A year ago, Time and Newsweek waxed nostalgic for the days of the Depression, the Civil War, and World War II, as they compared President Elect Barack Obama to FDR and Lincoln. Having inadvertently raised the bar to the former one-term senator’s presidency to absurdly high standards, today, the MSM is longing simply for the Obama of a year ago, the last moment that he could still plausibly claim to be “a blank screen on which people of vastly different political stripes project their own views.”
As the Washington Post notes today:
A year ago, Barack Obama‘s true believers were euphoric. [Not the least of where those true believers inside the Post’s offices –Ed] The huge and jubilant gathering in Chicago’s Grant Park on election night 2008 gave way to almost 2 million people on the Mall for the president’s inauguration.
He took office as the most popular incoming president in a generation. A movement had become a mandate of nearly 70 million votes. People hoped the new president would bring change to Washington, the hallmark claim of his historic candidacy.
Now, the mood through much of the nation seems restive, even sour. It is almost jarring to look at the photographs from Grant Park, to study those upturned beaming faces, many streaked with tears. Was that a movement? Or just a moment?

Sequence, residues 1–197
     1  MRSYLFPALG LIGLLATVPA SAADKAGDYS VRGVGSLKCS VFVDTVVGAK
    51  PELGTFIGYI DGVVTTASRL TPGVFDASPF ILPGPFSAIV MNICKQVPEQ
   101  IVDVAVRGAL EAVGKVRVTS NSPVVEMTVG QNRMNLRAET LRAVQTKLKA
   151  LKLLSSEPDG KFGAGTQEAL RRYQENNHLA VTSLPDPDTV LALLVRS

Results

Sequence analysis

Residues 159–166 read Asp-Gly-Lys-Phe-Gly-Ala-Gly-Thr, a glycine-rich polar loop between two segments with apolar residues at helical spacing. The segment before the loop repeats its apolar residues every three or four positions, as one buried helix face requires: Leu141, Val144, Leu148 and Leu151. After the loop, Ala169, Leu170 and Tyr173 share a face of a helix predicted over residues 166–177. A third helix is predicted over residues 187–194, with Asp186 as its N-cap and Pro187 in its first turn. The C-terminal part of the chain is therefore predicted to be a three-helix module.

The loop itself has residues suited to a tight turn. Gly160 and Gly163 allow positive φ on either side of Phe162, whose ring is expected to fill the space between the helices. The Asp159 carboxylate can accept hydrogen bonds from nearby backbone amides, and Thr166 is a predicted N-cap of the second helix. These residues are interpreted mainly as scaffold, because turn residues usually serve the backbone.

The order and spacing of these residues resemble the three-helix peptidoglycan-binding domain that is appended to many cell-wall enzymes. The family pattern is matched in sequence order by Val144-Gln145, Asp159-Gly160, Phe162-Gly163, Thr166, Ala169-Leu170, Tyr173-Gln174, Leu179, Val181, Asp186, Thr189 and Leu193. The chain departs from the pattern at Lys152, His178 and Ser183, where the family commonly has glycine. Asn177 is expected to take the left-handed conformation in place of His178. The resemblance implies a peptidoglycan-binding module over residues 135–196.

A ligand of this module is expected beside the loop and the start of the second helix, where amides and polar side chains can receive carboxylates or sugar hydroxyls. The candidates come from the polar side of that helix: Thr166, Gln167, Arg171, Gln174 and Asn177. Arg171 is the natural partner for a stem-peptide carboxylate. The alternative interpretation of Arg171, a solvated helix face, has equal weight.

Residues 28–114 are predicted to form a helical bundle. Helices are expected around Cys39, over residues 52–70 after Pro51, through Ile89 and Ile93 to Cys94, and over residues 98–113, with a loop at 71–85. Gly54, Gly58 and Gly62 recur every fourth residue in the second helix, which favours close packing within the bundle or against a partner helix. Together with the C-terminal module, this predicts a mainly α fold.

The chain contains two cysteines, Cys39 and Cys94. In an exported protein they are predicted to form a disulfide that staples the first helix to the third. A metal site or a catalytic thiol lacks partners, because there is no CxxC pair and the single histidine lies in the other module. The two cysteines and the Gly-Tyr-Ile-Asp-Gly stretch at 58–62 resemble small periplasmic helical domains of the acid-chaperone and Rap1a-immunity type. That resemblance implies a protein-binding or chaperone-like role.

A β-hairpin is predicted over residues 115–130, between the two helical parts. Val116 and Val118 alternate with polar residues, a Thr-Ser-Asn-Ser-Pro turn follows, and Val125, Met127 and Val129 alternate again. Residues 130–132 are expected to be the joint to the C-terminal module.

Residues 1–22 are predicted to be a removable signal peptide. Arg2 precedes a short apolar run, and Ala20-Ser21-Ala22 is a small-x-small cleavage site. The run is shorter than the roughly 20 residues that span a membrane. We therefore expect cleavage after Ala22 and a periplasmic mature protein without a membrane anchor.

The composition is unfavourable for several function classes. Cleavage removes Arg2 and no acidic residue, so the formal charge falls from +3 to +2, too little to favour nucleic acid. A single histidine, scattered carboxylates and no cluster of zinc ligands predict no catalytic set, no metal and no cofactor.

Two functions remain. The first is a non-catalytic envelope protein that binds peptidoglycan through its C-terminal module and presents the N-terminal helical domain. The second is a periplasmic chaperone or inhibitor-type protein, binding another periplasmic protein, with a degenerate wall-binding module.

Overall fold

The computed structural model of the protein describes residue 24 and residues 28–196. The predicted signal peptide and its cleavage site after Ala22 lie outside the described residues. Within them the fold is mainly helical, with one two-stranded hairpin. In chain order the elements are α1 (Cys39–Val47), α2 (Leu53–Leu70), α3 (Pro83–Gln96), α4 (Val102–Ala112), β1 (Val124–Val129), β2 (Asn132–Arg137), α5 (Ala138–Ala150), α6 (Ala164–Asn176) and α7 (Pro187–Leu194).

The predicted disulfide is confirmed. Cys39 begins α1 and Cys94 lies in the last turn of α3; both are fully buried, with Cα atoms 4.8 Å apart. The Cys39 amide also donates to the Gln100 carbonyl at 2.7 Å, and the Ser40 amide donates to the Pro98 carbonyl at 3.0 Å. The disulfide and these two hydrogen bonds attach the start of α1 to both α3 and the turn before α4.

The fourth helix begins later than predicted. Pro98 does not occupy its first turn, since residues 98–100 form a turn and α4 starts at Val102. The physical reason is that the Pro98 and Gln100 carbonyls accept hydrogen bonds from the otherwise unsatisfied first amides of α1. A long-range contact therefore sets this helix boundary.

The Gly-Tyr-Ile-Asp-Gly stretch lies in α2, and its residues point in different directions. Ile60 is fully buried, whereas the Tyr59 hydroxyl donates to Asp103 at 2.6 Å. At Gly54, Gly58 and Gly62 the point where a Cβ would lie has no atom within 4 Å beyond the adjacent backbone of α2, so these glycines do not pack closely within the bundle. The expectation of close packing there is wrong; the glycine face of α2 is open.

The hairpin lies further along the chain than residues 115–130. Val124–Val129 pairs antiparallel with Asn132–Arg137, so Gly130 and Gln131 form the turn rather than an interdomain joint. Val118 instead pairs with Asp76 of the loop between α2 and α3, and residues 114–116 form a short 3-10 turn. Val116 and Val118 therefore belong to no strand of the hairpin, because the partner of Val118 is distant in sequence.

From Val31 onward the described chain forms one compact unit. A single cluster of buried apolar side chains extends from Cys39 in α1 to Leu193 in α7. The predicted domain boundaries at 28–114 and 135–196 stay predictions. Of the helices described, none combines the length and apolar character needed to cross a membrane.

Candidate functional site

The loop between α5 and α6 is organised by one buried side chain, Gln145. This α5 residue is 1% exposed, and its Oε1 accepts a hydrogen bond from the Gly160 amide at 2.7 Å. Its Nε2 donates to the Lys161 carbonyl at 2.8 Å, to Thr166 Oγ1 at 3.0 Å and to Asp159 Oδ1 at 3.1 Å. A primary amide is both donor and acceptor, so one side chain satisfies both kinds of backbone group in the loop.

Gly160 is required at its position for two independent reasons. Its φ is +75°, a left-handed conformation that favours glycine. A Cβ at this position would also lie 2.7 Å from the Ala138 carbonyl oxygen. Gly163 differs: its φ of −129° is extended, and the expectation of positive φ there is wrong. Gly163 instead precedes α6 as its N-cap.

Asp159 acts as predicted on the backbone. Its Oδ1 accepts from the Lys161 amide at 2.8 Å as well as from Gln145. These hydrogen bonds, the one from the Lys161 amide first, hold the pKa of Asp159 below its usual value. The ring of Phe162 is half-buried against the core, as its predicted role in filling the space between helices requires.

Maybe it was all just a hand job:
Update: A closer shot, via Ace of Spades:
Flashback: The New Yorker’s George Packer, written on the day of Obama’s inauguration, January 20, 2009:
There were echoes of Jefferson, Lincoln, and Roosevelt, but President Obama uttered no words today that will be quoted in a hundred years. He has never been a real stem-winder or a coiner of unforgettable phrases; what he’s always been is a great explainer, who pays the rest of us the highest compliment—the appeal to reason. Today he explained why Americans need to grow up, and the tone and vision of his speech—sober, realistic, clear-minded, undaunted—were absolutely equal to the occasion and the times, down to his requisite scriptural passage: “The time has come to set aside childish things.”
Of course the expiration date on that pledge would come almost immediately afterward via both Rahm and Obama. But still, it was a nice sentiment for the nascent administration, at least during the moment it was being uttered.